However, he is not hopeful that the world is able to band together and force the Taliban to change their ways, because he says the international community has so far failed to properly communicate its thresholds for human rights and freedoms.
Others, however, are doubtful the Taliban’s top leadership, hidden away somewhere in the Southern province of Kandahar, would listen to any message or threat from the outside world.
Haroun Rahimi, a former Professor of Law at the American University of Afghanistan, says that there has been pressure placed on the Taliban, but the leadership has so far been unresponsive.
Rahimi’s statement is in reference to sanctions, aid cutbacks and the withholding of billions in assets belonging to the Afghan Central Bank, that led to massive cash shortages, increased unemployment, inflation and currency devaluations since the Taliban came to power on August 15.
International leaders have repeatedly pointed to the rights of women and girls as a priority for them, something they see as key to any continued engagement with the Islamic Emirate.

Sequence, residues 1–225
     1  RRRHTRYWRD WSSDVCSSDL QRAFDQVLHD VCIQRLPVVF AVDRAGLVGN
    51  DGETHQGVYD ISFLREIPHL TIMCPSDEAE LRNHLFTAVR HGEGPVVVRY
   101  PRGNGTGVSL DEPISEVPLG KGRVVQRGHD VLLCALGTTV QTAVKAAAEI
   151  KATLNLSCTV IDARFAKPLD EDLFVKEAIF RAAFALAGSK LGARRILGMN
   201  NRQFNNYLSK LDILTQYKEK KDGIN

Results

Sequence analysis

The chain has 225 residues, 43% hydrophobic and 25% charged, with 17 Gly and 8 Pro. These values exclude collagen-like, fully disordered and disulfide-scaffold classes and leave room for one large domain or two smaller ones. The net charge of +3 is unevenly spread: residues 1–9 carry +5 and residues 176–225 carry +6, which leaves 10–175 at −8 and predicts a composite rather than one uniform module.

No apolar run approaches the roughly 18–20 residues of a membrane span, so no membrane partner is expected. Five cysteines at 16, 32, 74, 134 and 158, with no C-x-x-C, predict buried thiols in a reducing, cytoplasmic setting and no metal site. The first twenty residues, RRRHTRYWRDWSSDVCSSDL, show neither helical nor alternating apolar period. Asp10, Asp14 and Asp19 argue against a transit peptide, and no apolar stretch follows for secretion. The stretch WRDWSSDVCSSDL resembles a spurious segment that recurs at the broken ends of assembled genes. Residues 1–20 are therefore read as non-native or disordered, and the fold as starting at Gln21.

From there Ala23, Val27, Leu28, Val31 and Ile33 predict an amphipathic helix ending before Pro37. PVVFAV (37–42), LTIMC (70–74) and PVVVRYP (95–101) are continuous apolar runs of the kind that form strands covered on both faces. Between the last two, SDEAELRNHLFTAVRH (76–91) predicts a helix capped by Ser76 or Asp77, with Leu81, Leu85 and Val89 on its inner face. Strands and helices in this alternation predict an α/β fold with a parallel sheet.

In fact, Washington immediately called off a series of planned meetings with Taliban officials that were set to take place on the sidelines of a conference in Doha last weekend once it became clear that teenage girls would not be allowed back in school anytime soon.
"Their [The Taliban's] insistence on the validity of their own interpretations of Islam and Afghan culture will make it difficult for anyone to convince the Taliban that their actions are in fact un-Islamic"
The World Bank also suspended four projects worth $600 million in response to the delay in restarting secondary school for teenage girls. Activists, analysts and ex-government officials all decried the World Bank’s decision, saying it will further hurt an already suffering civilian population, not the Taliban leadership.
However, Rahimi says the Taliban are unlikely to be swayed by the economic setbacks the Afghan people have faced since former President Ashraf Ghani fled the country and they took power, “They think piety alone will suffice, and that things will work out and take care of themselves.